Katelyn Delvaux combines poetry, pop culture in the classroom

by | Jun 7, 2016

The adjunct English instructor was awarded a National Endowment for the Humanities Summer Institute Fellowship to conduct research that will further enhance her teaching.

Poet, literary editor and adjunct instructor of English Katelyn Delvaux has published her work in Barn Owl Review, Driftwood Press, Slice Magazine and other journals. (Photo by August Jennewein)

University of Missouri–St. Louis adjunct English instructor Katelyn Delvaux understood the transformative power of writing from a very early age.

“I’ve known I wanted to be a writer since I was five,” she said. “My school had a career day, and most kids showed up as princesses and Disney characters, but I told my parents I wanted to be a lion. Being practical, they sat me down and told me, ‘Katelyn, you will never grow up to be a lion.’ I told them, ‘Then I’ll become a writer and make myself a lion.’”

Though Delvaux never succeeded in transmogrifying herself into a lion, she has succeeded in her ambition of finding a place in the writing community.

Since studying under the acclaimed poet Albert Goldbarth and earning an MFA at Wichita State University in Kansas, Delvaux has gone on to publish her work in literary venues such as Slice Magazine, edit poetry for Rivet and use inventive teaching strategies to engage her junior composition students at UMSL.

“Teaching offers all the same things that I enjoy about writing,” Delvaux said. “My courses deal with exploring the human condition, empathy and your ability to grow and expand your ethical concerns. It’s wonderful getting students to take on different perspectives and explore.”


Katelyn Delvaux uses popular memes to address language concerns such as diction level and academic discourse.

Delvaux hones her students’ critical thinking and writing skills with a mix of esoteric references and popular culture. She’s not afraid to fuse the 18th-century French artist Joseph Ducreux with memes and rap lyrics or analyze James Oppenheim’s union song “Bread and Roses” while referencing “Orange is the New Black.” As a result of her enthusiasm and efforts in the classroom, Delvaux has been awarded a National Endowment for the Humanities Summer Institute Fellowship.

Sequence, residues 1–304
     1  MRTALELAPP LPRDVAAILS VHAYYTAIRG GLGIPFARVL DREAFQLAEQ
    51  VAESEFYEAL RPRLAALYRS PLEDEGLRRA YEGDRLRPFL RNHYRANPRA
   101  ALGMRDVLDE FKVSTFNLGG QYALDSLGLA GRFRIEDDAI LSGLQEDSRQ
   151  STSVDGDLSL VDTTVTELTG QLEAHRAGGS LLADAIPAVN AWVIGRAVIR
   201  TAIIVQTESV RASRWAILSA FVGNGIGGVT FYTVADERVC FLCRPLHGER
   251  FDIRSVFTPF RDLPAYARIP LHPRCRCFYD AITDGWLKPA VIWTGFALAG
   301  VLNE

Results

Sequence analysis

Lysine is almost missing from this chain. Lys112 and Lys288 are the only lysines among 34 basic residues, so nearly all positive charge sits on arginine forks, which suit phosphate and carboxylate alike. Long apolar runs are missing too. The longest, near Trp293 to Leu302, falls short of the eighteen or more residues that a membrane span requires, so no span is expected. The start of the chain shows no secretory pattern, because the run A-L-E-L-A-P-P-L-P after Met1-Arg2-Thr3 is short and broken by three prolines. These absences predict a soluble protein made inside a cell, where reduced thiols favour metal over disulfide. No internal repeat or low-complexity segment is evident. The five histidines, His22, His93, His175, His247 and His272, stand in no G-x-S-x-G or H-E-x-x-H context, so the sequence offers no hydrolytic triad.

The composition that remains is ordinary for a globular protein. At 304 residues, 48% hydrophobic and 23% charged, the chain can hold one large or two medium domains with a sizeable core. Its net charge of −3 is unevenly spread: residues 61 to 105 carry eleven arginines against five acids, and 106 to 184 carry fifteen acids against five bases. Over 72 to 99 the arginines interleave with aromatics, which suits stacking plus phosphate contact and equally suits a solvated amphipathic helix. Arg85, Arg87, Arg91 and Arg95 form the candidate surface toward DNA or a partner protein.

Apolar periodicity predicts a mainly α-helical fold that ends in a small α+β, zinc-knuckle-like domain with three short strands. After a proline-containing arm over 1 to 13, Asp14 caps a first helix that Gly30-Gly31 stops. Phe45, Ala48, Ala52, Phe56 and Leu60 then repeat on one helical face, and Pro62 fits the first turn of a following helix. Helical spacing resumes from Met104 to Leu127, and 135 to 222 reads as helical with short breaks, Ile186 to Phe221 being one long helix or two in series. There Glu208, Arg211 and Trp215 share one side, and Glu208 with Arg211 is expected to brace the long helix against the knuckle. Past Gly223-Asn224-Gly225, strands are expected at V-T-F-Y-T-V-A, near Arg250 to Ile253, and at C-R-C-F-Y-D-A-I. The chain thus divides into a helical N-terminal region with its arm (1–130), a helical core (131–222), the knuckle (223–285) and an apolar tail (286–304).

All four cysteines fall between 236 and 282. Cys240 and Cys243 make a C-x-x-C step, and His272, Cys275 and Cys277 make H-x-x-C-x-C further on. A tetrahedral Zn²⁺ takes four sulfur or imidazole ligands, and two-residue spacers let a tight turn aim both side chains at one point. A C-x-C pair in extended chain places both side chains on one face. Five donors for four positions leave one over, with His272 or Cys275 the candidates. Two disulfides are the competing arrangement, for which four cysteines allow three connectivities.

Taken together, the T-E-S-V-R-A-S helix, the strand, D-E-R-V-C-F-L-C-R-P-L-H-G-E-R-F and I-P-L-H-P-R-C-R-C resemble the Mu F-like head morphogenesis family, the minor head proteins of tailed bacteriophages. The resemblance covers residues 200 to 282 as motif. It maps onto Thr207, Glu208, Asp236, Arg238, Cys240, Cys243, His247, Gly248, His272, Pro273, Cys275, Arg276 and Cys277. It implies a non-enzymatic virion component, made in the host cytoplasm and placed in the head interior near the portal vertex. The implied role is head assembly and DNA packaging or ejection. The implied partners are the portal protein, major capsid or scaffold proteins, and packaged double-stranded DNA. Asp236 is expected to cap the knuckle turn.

The fellowship will award her a stipend of up to $3,900 to attend the four-week Moral Psychology and Education program at Grand Valley State University in Michigan, where she will develop a new teaching project in the company and under the guidance of scholars from a wide variety of disciplines.

Associate English Professor and Writing Program Administrator Suellyn Duffey knows Delvaux will make the most of her award.

“Katelyn is a strong teacher,” said Duffey. “The NEH grant only adds to what she can contribute to the department and her students. Her acceptance as a participant is testimony to her intellectual strengths and her energy.”

Assistant Teaching Professor Paula Coalier affirms Duffey’s sentiments.

“The English department is fortunate, indeed, to have an instructor with Katelyn’s level of personal initiative and commitment to professional development,” she said.

During her time at the NEH summer institute, Delvaux will study modern philosophers and moral psychology to better define the role of the humanities in the classroom and reach her students on a deeper level.

“We exist to question and analyze the human condition in ways which enable us to impact culture and society as a whole,” she said. “Understanding and refining language is one way to do this, and I want my students to see how the beauty in words can help divergent perspectives and ideas come together.”

The UMSL Experience

Ron Austin

Ron Austin